UV radiation is a normal component of the sun's energy that in large quantities causes sunburns, and may eventually lead to premature wrinkling, skin cancer, or cataracts. Simple measures reduce risk. Here are some basics:

If your shadow is shorter than you are tall, UV levels will be high.
UV radiation is most intense between 10am and 3pm. Limit your exposure to direct sun during these hours.
Don't lay in the sun. When out for extended periods, wear a hat, along with light-colored, lightweight clothes that cover your arms, legs and the rest of your skin. Use sunglasses with UV protection and apply a sunblock.
Children need extra protection since their bodies are still developing and too much sun can be much more dangerous than to adults.
Lighter skin is more affected by UV radiation but all skin types require some type of protection.
UV radiation penetrates clouds and water so even on a cloudy day or while swimming, take precautions.
Shiny, smooth, or bright surfaces such as cement or sand can reflect UV radiation.
Cooler temperatures do not lower UV values. Skiers commonly are sunburned when they underestimate the sun's UV radiation reflected by snow.
As the UV index gets higher, use a sunscreen with a higher SPF (Sun Protection Factor) and spend less time in the sun.
If you notice blotches or other permanent changes to your skin, see your doctor.


UV INDEX NUMBER EXPOSURE LEVEL
0 - 2 Low. Color=green
3 - 5 Moderate. Color=yellow
6 - 7 High. Color=orange
8 - 10 Very High. Color=red
11+ Extreme. Color=violet

The EPA has a Sunwise Program which is great for educators and students who want to learn more.



Another summer hazard can be ground-level ozone.


Ozone is a form of oxygen that can be good or bad for people depending upon where it is.
Good ozone is found in the stratosphere, about 20 to 50 miles above the ground. It is a natural part of the Earth's outer shell that blocks harmful ultraviolet radiation from the sun so it's important that we have it above us. In the last decade, scientists have discovered that ozone levels in the stratosphere have dipped annually to extremely low levels before recovering. It's believed that this "ozone hole" is due to various pollutants, that humans have produced, interacting with the normal formation of Ozone.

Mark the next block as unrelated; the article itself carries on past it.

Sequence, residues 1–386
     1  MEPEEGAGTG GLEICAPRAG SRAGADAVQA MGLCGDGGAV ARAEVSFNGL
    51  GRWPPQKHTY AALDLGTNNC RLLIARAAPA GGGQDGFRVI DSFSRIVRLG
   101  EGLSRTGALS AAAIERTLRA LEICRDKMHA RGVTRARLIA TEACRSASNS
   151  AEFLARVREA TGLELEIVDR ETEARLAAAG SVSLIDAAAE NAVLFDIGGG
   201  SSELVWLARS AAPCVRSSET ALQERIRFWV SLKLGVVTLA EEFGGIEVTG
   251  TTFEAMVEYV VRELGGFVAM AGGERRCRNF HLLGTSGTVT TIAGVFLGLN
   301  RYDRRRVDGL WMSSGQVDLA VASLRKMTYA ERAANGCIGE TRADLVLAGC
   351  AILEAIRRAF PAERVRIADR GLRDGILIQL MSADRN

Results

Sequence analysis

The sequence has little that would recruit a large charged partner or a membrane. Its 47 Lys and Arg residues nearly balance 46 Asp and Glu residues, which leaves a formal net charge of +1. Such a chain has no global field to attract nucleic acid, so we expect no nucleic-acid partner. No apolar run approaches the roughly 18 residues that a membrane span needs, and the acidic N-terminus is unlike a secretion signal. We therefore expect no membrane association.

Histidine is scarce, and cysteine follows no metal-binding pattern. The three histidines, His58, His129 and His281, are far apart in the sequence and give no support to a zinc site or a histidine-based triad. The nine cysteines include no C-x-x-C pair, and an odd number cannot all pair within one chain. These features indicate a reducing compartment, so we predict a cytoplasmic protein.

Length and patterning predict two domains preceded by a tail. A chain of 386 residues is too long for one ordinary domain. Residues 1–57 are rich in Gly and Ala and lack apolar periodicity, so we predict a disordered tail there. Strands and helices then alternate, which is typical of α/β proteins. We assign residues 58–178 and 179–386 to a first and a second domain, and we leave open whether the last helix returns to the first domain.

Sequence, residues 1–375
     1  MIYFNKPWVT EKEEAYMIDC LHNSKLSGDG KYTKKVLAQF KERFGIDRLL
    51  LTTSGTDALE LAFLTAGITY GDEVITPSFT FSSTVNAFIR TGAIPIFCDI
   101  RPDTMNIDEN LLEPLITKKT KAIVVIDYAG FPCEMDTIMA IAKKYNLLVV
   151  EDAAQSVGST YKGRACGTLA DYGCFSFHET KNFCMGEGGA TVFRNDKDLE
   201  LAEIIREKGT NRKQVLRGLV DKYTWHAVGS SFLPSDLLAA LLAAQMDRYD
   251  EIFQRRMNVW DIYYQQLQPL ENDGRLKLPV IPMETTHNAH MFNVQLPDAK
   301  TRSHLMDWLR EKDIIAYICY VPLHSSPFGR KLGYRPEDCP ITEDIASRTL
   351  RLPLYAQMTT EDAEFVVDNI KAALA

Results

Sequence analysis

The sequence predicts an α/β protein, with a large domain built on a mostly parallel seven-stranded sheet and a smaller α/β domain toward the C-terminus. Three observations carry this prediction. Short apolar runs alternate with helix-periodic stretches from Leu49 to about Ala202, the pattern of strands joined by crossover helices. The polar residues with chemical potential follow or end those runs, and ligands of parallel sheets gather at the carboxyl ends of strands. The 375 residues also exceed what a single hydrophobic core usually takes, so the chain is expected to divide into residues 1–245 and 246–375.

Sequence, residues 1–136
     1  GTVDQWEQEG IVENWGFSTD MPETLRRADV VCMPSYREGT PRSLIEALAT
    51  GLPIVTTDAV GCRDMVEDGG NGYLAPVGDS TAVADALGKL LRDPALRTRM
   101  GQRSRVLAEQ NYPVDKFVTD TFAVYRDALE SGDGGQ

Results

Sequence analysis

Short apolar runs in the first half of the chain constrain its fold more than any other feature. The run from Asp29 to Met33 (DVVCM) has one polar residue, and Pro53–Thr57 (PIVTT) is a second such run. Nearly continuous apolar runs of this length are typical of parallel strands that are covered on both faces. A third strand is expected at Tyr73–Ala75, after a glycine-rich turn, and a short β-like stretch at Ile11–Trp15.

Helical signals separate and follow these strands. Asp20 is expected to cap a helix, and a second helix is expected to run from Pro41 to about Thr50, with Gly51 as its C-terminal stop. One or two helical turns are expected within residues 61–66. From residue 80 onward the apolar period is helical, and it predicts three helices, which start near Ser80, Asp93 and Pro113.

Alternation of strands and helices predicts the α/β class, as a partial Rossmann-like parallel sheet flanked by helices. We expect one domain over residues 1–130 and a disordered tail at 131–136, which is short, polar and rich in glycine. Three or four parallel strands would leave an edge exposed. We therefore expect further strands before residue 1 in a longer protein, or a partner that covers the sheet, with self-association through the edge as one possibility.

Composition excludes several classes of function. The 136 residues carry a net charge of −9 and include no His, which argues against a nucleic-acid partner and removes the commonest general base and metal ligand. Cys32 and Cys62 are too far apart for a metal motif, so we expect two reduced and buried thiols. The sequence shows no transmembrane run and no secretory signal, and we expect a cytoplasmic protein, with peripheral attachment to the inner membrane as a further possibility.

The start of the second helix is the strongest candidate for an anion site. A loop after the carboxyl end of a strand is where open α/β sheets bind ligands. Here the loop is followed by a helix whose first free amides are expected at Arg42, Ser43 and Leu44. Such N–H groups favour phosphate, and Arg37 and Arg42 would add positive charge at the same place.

Pollution near the ground can, on the other hand, lead to ozone production and that ozone becomes pollution. Ground-level ozone is formed on sunny days with calm wind when pollutants chemically combine with oxygen. Higher ozone levels are more common in our summer but it's not because of the heat, it's more related to the amount and intensity of sun. When ozone is found at ground level it is dangerous because our bodies cannot use it and it irritates the lungs. It causes breathing problems for people with asthma and other lung conditions. The Environmental Protection Agency uses a color coded scale to let you know what the overall air quality is. Find ozone forecasts for other cities in the United States.

You may notice more ozone alerts than in the past. Part of the reason for that is deteriorating air quality but another part of that is better ozone measurement and the fact that some of the thresholds for the ozone levels were lowered slightly at the start of 2008.

Air Quality Index

Index Value Description Steps to Stay Healthy
0 - 50 Good. Color=Green. No problems.
51 - 100 Moderate. Color=Yellow. If you are unusually sensitive to air quality, consider limiting time outside.
101 - 150 Unhealthy for some. Color=Orange. Active kids and adults, especially those with breathing difficulties should limit strenuous activity outside.
151 - 200 Unhealthy. Color=Red. Everyone should limit strenuous activity outside, especially people with breathing difficulty.
Over 200 Very Unhealthy. Color=Purple. Everyone should limit strenuous activity outside. People with respiratory difficulties should stay inside.

You can help prevent pollution that creates ozone by...

Conserving electricity
Limiting your driving
Using public transportation or carpooling
Avoid using gasoline-powered lawn equipment
Refueling your vehicle only after 6pm
Minimize use of household, workshop, and garden chemicals

The Environmental Protection Agency collects a lot of information on Ozone Depletion in the upper atmosphere while you can get daily ozone readings at ground level from ADEM, Alabama Department of Environmental Management. Check NOAA's role in air quality monitoring.